The Christmas season is coming to a close.  While some of us might be very excited about that, there is another problem right behind it.  We will now be inundated with messages about the changes we need to make in our lives.  We get to hear about how we are not quite good enough.  We will be told all the great things others are doing and how we can do those things too.  It is officially resolution time.  And I don’t like them.  Believe me, I love change.  I have devoted my life and career to breaking the cycle, changing my stars and living a better life than I was set up to live.  And I am devoted to helping others do it too.  But there’s a problem with resolutions.

Resolutions don’t make lasting change.  And because they don’t, they can cause us more problems with making real change.  They can distract us from the real change-making strategies.  And honestly, that is part of the plan.  The concept of focusing on behavior was created by the macro controller (a societal collaboration of many controllers trying to keep us from our deep emotional work).  Resolutions are meant to be a distraction.  Don’t get me wrong, there is place for behavioral goals.  But it must be combined with emotional expression, building awareness of the unconscious and an understanding that rigid requirements of behavior will never EVER work.

Let’s talk about how resolutions get it wrong, so we can take a new, much more successful approach to inner change in the coming year.

You can’t control your behaviors with your mind.  Contrary to popular opinion, the conscious (frontal lobe) mind has very little control over your actions.  Oh sure.  You can make plans.  You can set intentions.  You can follow through on your plans.  You can post mantras all over your house.  But if you are not in alignment with the goal, if there is too much resistance in your system, you will not succeed.  Many times, you won’t even realize it until it is too late.  You might just forget key steps.  You might walk away from the tasks like you are possessed by some strange force.  In the end, you will be scratching your head about what happened.  But the answer to real change happens in the unconscious.  This is where the resistance lives and it must be processed.  That resistance might show up as emotions, flashbacks or external circumstances.  But if we ignore it and try to plow through it, we will lose.  We need to get curious about what lies beneath the constant stream of unmet goals.  That resistance needs our attention.  It needs a voice.  Only then will we see the truth about our struggles.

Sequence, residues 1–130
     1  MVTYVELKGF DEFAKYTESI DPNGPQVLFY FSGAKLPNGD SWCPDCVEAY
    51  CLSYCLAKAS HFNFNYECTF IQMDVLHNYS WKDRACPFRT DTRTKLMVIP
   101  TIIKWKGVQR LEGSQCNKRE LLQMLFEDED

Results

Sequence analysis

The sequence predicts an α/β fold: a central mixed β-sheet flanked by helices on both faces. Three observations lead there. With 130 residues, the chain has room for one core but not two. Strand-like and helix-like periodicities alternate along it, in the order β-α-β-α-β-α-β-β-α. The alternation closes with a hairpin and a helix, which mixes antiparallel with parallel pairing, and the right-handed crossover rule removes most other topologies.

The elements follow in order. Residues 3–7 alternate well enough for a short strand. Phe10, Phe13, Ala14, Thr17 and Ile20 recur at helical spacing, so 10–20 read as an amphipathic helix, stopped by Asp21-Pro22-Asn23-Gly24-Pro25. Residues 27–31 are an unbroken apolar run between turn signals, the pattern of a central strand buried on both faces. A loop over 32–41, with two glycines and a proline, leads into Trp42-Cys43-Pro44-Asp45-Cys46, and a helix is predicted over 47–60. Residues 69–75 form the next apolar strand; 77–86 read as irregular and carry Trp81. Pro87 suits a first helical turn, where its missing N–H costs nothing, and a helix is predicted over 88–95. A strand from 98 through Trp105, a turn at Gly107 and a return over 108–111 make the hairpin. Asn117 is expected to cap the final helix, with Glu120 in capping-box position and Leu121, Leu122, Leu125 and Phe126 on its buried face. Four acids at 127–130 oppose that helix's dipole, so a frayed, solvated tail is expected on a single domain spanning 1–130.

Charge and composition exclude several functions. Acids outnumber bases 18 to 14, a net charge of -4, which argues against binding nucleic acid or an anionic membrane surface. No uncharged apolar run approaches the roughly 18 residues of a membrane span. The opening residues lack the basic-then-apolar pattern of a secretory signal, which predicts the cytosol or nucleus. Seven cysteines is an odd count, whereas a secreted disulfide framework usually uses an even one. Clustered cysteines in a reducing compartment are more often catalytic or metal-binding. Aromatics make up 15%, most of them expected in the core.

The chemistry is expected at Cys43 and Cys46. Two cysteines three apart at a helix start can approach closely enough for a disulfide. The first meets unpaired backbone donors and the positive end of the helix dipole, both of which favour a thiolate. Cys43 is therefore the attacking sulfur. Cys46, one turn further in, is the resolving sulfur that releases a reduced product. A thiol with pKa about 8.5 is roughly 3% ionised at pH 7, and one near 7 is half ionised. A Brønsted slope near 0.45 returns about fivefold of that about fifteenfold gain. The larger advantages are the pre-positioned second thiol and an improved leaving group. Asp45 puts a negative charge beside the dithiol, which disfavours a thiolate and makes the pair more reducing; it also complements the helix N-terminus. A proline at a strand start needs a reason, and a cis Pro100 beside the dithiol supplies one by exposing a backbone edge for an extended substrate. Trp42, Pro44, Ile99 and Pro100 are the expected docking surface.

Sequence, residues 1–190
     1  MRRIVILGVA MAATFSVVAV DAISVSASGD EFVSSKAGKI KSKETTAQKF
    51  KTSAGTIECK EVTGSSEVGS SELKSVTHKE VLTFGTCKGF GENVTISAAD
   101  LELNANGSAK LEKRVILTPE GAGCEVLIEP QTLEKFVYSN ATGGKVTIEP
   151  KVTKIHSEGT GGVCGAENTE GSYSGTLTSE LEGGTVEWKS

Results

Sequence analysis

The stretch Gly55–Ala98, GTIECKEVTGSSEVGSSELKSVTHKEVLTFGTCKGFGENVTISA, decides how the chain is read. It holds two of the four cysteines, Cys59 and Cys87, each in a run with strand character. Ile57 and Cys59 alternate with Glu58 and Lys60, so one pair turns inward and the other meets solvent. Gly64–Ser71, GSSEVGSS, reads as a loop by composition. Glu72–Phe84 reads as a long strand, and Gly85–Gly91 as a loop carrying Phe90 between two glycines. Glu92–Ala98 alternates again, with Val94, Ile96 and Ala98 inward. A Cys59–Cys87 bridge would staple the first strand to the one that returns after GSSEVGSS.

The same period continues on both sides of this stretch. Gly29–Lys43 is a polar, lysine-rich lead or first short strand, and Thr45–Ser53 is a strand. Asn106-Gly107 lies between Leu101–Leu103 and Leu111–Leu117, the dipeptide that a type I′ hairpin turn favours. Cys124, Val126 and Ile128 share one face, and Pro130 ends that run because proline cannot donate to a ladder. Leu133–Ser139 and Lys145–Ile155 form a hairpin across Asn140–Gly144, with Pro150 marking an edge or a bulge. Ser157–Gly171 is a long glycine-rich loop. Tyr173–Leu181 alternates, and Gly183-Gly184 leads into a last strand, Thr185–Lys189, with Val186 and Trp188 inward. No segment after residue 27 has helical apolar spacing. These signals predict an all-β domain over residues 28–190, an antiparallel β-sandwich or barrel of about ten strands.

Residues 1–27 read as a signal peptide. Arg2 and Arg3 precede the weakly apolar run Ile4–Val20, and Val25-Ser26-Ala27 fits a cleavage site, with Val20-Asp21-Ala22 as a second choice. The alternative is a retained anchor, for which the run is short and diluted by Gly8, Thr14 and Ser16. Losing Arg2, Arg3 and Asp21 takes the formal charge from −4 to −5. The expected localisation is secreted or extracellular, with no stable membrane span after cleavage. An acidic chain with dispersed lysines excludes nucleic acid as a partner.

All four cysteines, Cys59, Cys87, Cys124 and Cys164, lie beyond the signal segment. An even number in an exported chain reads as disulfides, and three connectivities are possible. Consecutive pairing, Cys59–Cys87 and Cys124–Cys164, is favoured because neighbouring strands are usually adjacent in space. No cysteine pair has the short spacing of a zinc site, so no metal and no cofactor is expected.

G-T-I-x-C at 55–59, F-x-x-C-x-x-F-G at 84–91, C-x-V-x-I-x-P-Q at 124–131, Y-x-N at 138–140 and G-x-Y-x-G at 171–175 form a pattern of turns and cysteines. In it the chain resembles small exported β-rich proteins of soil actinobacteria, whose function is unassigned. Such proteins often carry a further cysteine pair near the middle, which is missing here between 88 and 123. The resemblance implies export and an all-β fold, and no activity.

Resolutions fuel our unworthiness with inevitable failure.  Resolutions can get very rigid about what constitutes success and failure.  We are never allowed to eat carbs ever again.  We must exercise three times per week every single week.  You get the idea.  When our focus is on changing behaviors with no consideration for our resistance to the change, we aren’t likely to succeed.  And when we fail, we will feel less worthy.  A lack of worthiness and futility go hand in hand.  So the next time we try to make change, we will have one more experience fueling the hopeless feeling that change isn’t possible.  This makes it more difficult to motivate ourselves toward change.  Instead of racking up failure after failure with rigid impossible goals, we can try a new approach.  If we can re-frame a needed behavioral change as a journey through the inner obstacles, we can be more tolerant to the times when we miss the mark.  As we process resistance to that ultimate behavioral destination, we will learn that some of our best resistance work will happen when we are not meeting the behavioral goal.  And that understanding will change our ability to stick with it.

Our external situation isn’t actually the problem.  Society and our family have taught us that our focus needs to remain outside of self.  They taught us so well, we have lost self completely.  When difficult emotions come up, we only know to “fix” our external life.  We have lost any understanding that we have inner options.  But external changes are a band-aid to our inner turmoil.  And changing one defense will usually bring another defense forward.  External changes that work will come as an organic shift resulting from inner changes.  But we haven’t been taught that.  And society does not encourage that thinking.  So we run on a hamster wheel trying to make changes that can’t be sustained.  And it fuels our futility until we give up.  We must shift this way of thinking to make long term changes possible.